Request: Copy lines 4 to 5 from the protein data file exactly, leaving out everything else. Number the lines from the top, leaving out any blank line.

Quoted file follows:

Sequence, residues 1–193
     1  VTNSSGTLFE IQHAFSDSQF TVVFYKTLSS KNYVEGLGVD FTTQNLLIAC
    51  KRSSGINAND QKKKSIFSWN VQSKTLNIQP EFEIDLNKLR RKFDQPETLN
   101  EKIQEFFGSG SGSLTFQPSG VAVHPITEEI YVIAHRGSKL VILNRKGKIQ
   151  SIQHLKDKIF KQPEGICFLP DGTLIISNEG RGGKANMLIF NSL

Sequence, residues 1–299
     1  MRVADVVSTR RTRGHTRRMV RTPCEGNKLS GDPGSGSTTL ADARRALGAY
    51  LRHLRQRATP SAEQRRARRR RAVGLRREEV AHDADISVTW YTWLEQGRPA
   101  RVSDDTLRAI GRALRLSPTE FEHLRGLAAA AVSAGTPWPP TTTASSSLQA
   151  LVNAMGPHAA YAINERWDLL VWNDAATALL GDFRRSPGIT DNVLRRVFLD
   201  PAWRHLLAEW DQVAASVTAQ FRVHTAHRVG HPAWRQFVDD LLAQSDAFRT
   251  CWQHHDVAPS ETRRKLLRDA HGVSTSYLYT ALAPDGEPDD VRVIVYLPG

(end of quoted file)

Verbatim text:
   101  EKIQEFFGSG SGSLTFQPSG VAVHPITEEI YVIAHRGSKL VILNRKGKIQ
   151  SIQHLKDKIF KQPEGICFLP DGTLIISNEG RGGKANMLIF NSL